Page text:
Manipulating the mammalian oocyte and embryo - Biological and epigenetic aspects
Fulková, Helena ; Hozák, Pavel (advisor) ; Hampl, Aleš (referee) ; Motlík, Jan (referee)
CONCLUSIONS . By antibodies against ďfferent covalent histone modifications and 5-methylcytosine, we have partialty characterised the epigenetic changes taking place during the oocyte mauration and in early mammalian embryogenesis in the mouse and pig, respectively. o We have also characterised thc epigenetic repogramming activities of cytoplasts derived from oocytes at different stages of maturation after somatic cell nuclear transfer. . We have evaluated the epigenetic effec$ of selected procedures that are currently used for embryo production. . Finally, we have developed a new cryopreservation scheme for oocyte nuclear material storage. orrr research is engaged in the development ofnew bíotechniques as well as elucidating and characterising the epigenetic pÍocesses that take place during normal and abnormal embryogenesis. Abnormal embryonic development is for example often observed in somatic cell nuclear transfer embryos. These techniques can also be potentially used not only in human medicine but also for valuable livestock and endangered species preservation Oy e.g. interspecies nuclear transfer). Especially in human meďcine, attention to the ethical issues associated with these techniques must be paid. It is also clear tbat many biological problems still do exist and these should not be...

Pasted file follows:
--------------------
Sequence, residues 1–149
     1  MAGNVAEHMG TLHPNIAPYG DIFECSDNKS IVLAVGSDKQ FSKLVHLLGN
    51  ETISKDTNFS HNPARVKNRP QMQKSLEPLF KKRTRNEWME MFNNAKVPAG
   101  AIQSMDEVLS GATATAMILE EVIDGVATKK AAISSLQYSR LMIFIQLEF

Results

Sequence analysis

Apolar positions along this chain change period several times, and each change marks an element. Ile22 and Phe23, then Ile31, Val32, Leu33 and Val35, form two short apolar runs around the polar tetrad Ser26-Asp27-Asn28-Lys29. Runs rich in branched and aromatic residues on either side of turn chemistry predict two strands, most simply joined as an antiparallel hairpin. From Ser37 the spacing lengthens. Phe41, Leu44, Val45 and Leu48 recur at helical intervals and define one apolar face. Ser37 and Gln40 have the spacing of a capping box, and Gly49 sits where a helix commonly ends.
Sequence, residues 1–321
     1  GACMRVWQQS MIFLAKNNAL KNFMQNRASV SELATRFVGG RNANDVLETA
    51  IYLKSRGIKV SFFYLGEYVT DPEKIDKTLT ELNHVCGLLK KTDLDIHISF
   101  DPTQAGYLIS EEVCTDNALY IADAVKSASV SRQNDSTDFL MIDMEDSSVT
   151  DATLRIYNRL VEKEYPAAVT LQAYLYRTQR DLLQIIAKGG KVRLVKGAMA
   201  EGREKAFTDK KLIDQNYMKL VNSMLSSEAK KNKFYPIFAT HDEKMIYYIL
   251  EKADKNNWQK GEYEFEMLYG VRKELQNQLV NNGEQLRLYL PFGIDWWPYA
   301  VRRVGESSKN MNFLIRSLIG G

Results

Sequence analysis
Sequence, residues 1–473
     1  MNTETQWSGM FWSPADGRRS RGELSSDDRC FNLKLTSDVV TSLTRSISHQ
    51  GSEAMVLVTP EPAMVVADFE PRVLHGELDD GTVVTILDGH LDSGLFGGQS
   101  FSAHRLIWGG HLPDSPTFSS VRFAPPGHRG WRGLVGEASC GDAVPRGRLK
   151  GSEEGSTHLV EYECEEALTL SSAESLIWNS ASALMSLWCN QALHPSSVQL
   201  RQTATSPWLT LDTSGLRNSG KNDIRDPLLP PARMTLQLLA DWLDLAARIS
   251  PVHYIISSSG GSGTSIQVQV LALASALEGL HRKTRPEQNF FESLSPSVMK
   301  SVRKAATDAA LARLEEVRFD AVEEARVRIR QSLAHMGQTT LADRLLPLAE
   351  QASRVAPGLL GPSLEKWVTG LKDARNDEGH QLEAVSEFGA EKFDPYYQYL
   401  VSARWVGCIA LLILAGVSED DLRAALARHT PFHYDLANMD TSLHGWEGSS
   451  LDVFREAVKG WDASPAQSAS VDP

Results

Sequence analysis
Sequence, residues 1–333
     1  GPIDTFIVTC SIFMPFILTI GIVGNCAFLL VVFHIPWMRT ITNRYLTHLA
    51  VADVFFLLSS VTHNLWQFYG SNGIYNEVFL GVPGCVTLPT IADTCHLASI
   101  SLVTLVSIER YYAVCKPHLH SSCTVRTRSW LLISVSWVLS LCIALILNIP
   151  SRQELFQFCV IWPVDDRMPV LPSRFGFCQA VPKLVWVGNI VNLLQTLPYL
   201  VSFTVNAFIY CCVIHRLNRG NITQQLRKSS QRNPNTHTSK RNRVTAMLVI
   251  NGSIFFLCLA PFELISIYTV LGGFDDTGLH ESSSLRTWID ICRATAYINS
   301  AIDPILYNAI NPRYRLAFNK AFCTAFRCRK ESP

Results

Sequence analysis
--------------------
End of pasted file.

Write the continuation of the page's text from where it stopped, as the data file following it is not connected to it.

Generation and analysis of double deficient transgenic mice for kallikrein-related peptidase 5 and kallikrein-related peptidase 14
Hanečková, Radmila ; Sedláček, Radislav (advisor) ; Fulková, Helena (referee)
Kallikrein-related peptidases (KLKs) constitute a highly conserved serine protease family. Based on in vitro experiments, KLKs are predicted to play an important role in a number of physiolog- ical and pathophysiological processes. However, their role in vivo remains not fully understood, partially due to a lack of suitable animal models. In this work, we aim to prepare a KLK5 and KLK14 double-deficient mouse model. Both KLK5 and KLK14 were proposed to be involved in epidermal proteolytic networks critical for maintaining skin homeostasis. However, both KLK5 and KLK14 single-deficient mouse models show minimal or no phenotype, likely due to similar substrate specificity resulting in functional compensation. Double-deficient mice cannot be easily obtained by crossing due to localization of the Klk5 and Klk14 genes within the same locus on chromosome 7. We report that KLK5 and KLK14 double-deficient mice were success- fully generated, mediated by transcription activator-like effector nucleases (TALENs) targeting Klk14 by microinjection of TALEN mRNA into KLK5-deficient zygotes. Furthermore, we show that KLK5 and KLK14 double-deficient mice are viable and fertile. We believe that these novel mouse models may serve as a useful experimental tool to study KLK5 and KLK14 in vivo.

Interested in being notified about new results for this query?
Subscribe to the RSS feed.